A recent survey conducted by the American Chamber of Commerce in Hong Kong showed that most member companies said they still choose Hong Kong as their regional headquarters in the next three years, and nearly 60 percent have or are planning to have business operations in the Greater Bay Area.

Future reforms

During the meeting, Xi stressed that Hong Kong should be governed by patriots, which also reflects the future path of political reform in the city under the “one country, two systems,” according to Chinese experts.

As Xi emphasized that only when the city is ruled by patriots can the full capability of the central government over Hong Kong be carried out and implemented effectively, Tian agreed on this bottom line, suggesting that “further improvement in terms of system reform should be based on this line, and future reforms be made on various aspects, including legislature and education reform with enhanced understanding of the Constitution and the Basic Law, in addition to further recognition of Chinese politics and legislature,” he said.

Also, accelerating the reform in Hong Kong electoral system while fixing some loopholes in local governance is also highly anticipated, the expert added.

Hong Kong’s 180,000 civil servants were told recently that they had four weeks to sign a document pledging their loyalty to the Basic Law and the “one country, two systems,” and the HKSAR government is scheduled to submit a draft to the Legislative Council after Spring Festival in enhancing regulations and pledging loyalty.

Policy advisors and experts on Hong Kong affairs said that Hong Kong electoral reform is inevitable, with some suggesting setting up a political scrutiny mechanism to make sure ‘those who rule Hong Kong are patriotic.’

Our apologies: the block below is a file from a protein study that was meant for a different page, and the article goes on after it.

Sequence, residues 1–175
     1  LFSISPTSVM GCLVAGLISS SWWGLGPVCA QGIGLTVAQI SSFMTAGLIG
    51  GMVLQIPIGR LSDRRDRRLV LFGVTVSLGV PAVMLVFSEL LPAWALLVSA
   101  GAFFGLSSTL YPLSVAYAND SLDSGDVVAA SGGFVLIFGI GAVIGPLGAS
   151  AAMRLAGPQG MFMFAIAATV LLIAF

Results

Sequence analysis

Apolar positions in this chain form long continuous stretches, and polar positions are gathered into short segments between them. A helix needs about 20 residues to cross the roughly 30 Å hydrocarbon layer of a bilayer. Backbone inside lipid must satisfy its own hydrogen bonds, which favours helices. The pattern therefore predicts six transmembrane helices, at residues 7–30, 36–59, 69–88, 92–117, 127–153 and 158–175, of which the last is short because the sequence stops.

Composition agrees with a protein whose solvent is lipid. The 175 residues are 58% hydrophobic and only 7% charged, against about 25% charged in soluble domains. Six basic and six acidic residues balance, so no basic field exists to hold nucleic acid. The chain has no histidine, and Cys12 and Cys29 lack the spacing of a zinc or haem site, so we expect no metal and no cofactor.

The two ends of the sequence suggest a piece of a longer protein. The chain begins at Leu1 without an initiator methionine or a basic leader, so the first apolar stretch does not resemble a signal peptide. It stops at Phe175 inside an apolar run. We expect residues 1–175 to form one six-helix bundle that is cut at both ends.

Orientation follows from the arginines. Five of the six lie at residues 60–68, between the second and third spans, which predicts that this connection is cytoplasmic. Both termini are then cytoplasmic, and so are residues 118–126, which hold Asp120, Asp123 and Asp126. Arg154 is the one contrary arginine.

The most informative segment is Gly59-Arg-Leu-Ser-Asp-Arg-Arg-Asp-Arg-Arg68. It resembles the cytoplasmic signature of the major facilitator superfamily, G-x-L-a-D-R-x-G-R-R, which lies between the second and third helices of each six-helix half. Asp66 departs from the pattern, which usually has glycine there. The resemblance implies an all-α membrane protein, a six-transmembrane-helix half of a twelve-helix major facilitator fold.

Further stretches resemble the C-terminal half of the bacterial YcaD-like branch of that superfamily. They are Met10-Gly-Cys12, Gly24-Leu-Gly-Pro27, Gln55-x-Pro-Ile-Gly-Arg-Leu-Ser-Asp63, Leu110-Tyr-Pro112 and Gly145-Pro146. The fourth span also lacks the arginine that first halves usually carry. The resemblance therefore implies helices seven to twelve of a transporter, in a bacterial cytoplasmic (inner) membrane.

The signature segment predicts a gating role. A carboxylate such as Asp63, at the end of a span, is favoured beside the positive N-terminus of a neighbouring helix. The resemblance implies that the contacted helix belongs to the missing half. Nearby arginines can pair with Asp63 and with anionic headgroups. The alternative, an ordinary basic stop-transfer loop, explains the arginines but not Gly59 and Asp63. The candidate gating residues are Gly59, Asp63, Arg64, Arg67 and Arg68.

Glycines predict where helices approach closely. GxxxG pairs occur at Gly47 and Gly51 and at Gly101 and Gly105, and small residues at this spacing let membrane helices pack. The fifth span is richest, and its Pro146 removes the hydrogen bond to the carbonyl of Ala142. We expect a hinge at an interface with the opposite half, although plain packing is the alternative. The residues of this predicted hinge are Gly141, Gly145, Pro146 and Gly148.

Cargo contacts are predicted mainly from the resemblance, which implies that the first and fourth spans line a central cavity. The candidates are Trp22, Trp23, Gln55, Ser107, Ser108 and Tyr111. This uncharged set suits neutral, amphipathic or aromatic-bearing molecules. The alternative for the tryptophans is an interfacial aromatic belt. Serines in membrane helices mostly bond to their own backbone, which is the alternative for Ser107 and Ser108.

Lau Siu-kai, vice-president of the Chinese Association of Hong Kong and Macao Studies, was quoted as saying in a recent media report that the electoral system in Hong Kong will see “major changes” in order to carry on the principle of “patriots govern the city, secessionists and rioters expelled from the election.”

The reforms are expected to include a number of different aspects, including the qualification of the candidates running for election, qualification of voters, election procedures, balloting activities, election funding and other requirements.

Hong Kong undertaking a major change from chaos to stability also underscored a deep principle, as Xi reiterated that those who rule the city are patriotic is also related to China’s sovereignty, safety and interests of development, which “is a fundamental principle of its long-term prosperity and stability,” the top leader said.